Felipe's heart began to pound as he jumped back off the bench and rushed into the hacienda.  The other men started to tag along behind him, but Victoria shook her head at them before following after her adopted son.

     The physician was waiting outside the bedroom door.  "Felipe," he began gravely, "Ana Maria and the baby are both all right for. . ."

     Felipe didn't wait to hear anymore.  He burst through the door, hurrying to his wife's bedside.  Glancing around, a very confused expression came over his face.

     "I thought you said. . .  The baby. . ." Felipe began, looking back accusingly at the doctor.

     Hernandez and Victoria entered the room, where it was obvious that Ana Maria was still in labor.  "I'm sorry, Felipe," The doctor apologized.  "I should have said the baby hasn't arrived yet."  The older man shook his head.  "No, hijo, the baby is breech, coming out feet first."

     Felipe knelt beside the bed and grasped Ana's hand.  Then he leaned over and kissed her forehead.  She smiled weakly at him.

      "I'm all right," she tried to reassure him.

     The physician placed his hand on Felipe's shoulder.  "I need to speak to you alone, Felipe," he stated.   "I need you to make a decision."

     The young man glanced up at the doctor then back at his wife.  "Y-You can say wh-whatever you need to in front of Ana," he announced with more bravado than he actually felt.  "Th-This is her decision too."

     Ana Maria nodded just as another contraction hit her.  Felipe was alarmed by the pain it caused her, even though she did not cry out.  He had not realized that having a baby would be so distressing.

     Doctor Hernandez sighed wearily.  These modern couples, he thought, slightly shaking his head.  Felipe shouldn't even be in the room in his opinion.  But times were changing and he was getting old.  "Very well," the doctor acquiesced.  "We have three options.  One, we can deliver the baby just the way it is, in the breech position.  But I doubt that will happen anytime soon."

     He turned to look at Victoria and questioned, "Ana Maria has been in labor, how long?"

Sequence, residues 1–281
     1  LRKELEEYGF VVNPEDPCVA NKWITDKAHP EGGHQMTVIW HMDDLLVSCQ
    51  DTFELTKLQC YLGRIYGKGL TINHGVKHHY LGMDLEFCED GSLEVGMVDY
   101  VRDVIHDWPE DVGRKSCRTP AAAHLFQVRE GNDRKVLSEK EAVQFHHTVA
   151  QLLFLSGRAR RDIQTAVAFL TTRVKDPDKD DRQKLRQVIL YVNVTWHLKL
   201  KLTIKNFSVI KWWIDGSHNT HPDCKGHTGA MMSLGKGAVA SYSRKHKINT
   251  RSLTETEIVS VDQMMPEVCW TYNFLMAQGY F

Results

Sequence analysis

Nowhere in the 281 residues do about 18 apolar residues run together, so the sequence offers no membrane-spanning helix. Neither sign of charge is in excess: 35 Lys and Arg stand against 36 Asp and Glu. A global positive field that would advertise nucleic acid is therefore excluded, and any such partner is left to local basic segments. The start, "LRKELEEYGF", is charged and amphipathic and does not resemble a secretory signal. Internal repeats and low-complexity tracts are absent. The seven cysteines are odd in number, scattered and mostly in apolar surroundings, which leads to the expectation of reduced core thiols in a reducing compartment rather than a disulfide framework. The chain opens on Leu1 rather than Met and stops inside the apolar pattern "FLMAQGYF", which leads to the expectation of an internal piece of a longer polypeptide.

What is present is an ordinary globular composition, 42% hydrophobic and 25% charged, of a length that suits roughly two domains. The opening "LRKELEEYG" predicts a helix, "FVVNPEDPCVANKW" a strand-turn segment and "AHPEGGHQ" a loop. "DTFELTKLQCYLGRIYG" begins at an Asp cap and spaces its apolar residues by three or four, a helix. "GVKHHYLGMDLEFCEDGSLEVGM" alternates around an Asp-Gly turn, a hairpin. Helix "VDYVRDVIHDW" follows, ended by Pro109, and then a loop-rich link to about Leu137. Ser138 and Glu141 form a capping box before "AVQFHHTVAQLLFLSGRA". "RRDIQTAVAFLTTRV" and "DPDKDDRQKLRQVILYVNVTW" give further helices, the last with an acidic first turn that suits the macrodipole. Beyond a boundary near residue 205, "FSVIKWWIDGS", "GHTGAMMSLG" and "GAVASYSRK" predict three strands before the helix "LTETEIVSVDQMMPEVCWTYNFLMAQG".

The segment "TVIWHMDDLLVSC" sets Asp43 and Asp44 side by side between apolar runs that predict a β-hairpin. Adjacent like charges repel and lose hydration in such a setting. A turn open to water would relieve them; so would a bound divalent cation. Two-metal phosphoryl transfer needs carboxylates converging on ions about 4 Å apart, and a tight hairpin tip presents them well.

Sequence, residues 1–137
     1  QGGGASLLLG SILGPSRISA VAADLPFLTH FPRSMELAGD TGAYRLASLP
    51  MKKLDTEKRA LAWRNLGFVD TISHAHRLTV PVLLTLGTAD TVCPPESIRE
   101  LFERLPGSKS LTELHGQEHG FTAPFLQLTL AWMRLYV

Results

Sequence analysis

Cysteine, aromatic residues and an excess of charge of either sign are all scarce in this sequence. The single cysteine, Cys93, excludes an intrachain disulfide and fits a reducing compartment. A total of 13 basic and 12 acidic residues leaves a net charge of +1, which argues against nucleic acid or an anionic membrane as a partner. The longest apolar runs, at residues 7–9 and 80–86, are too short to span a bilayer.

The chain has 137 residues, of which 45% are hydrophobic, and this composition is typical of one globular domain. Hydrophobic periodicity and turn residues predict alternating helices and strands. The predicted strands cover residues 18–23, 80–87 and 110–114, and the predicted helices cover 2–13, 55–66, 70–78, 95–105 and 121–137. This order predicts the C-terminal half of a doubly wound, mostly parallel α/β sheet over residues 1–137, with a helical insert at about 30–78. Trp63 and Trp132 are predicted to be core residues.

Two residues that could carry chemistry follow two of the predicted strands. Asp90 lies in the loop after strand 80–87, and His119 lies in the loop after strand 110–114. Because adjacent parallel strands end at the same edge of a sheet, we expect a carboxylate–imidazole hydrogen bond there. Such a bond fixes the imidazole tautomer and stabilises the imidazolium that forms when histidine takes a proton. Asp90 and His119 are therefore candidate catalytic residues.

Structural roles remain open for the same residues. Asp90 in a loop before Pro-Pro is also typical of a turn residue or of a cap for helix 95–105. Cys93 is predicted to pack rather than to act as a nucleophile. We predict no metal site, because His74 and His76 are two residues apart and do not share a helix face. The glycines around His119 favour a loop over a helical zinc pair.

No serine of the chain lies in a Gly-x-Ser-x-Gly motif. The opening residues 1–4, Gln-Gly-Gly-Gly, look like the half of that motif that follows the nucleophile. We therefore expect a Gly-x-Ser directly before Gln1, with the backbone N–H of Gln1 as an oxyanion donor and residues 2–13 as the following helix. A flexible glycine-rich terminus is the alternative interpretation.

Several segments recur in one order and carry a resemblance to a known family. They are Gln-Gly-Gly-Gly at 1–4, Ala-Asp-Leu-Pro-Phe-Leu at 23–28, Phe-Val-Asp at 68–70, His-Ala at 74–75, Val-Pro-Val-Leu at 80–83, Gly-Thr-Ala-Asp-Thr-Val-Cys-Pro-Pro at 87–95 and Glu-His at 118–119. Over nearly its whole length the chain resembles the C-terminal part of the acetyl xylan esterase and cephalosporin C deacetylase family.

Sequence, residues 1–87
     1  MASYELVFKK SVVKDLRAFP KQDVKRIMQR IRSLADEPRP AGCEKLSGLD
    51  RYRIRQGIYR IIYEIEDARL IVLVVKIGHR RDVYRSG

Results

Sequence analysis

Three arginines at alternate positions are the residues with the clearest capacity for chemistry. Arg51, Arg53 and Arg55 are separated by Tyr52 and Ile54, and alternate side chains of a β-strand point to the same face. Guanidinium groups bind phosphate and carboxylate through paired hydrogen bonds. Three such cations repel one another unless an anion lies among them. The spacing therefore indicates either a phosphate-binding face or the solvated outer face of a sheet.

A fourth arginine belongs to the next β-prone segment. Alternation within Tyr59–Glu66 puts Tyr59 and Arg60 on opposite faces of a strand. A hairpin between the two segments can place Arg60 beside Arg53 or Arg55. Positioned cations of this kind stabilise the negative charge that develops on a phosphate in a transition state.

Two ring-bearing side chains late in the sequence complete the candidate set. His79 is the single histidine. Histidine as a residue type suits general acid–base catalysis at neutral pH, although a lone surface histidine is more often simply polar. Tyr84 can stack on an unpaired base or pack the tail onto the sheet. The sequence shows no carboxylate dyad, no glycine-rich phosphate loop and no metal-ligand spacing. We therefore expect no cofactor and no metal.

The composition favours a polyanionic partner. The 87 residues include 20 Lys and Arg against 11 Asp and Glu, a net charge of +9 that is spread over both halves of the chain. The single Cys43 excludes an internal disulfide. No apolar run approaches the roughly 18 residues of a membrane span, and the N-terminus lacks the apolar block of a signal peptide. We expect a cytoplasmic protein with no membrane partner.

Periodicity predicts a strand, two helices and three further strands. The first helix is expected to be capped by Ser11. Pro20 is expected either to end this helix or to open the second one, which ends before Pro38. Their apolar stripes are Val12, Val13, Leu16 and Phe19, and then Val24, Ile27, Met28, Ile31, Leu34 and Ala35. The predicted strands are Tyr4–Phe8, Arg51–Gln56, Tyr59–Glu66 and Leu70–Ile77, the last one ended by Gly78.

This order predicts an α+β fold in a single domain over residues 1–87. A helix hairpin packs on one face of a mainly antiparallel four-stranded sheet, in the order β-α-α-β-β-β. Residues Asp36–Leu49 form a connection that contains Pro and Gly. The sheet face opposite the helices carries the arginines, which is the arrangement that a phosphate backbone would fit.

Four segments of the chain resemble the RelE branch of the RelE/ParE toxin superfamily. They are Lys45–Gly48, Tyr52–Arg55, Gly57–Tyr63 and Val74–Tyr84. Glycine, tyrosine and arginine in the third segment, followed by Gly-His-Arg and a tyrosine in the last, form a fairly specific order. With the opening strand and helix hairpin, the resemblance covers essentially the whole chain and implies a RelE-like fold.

"Eight hours," she determined after she quickly glimpsed at the clock on the wall.

      "Eight hours," repeated the physician, "and from what I can feel, the baby hasn't descended yet into the birth canal.   My guess is that the baby is stuck."  He again shook his head.   "And if we don't do anything, it is possible both the child and Ana Maria may not survive."

     Felipe's stomach lurched and he saw the fear on Ana's face as well.  "Wh-What else c-can we do?" he asked anxiously, not caring that the stress of the situation was causing his stutter to emerge once again.

     "There are two other choices we can make," explained the doctor.  "We can try to turn the baby.  This is the best option but it is not without risks.  We might not be able to get the baby go head first or else it might turned back around again after we do reverse it.

     The other possibility I would only use as a last resort," Hernandez continued.  "We could take the baby by Caesarean section."

     "Wh-What is th-that?" Felipe inquired.  He vaguely recalled Diego mentioning it a long time ago.  But any more thoughts he might have had on the subject were driven from his mind as Ana Maria was wracked by another labor pain.

     "I would make an incision through her abdomen, using it to remove the baby from her womb.  There is a great chance of infection however.  The baby would be fine, but Ana Maria might not..."  The physician did not finish as he saw Felipe's expression of terror.

     Ana Maria placed a hand on Felipe's face, garnering his attention.  "Do whatever you can to save the baby, querido," she whispered urgently.  He vehemently shook his head.  "Promise me, Felipe," she insisted.  "Save the baby."

     Felipe took a deep breath, seeing she could not be reasoned with and gave her a half-hearted nod. He kissed her hand.  "I love you, querida," he murmured.  He then rose to his feet and motioned for the doctor to follow him as he left the room.

     "Tr-Try to t-turn the b-baby," he stammered.  "If it c-comes to a choice between it and. . .and Ana Maria," Felipe added, tears welling up in his eyes.  "Save Ana."

     That said, he fled the room, pushing his way through the worried men who had gathered outside the bedroom, waiting to hear what was happening.  Felipe ran across the hacienda, not stopping until he reached the library.  With only a second's hesitation, he strode into the room, hit the hidden switch on the fireplace mantle then ducked through the opened panel.

     It was there, half an hour later, that Diego found his son viciously swinging a sword at a practice dummy. The young man was about to run it through when Diego said quietly,  "Felipe."

     Felipe stunned by his father's presence in the cave, dropped his saber.  "Wh-What. . .?" he managed to stammer out.  His heart was racing as he feared the worst.

     "They have turned the baby," declared Diego quickly, hoping to put Felipe's mind at ease.  "Everything is progressing normally, according to Doctor Hernandez."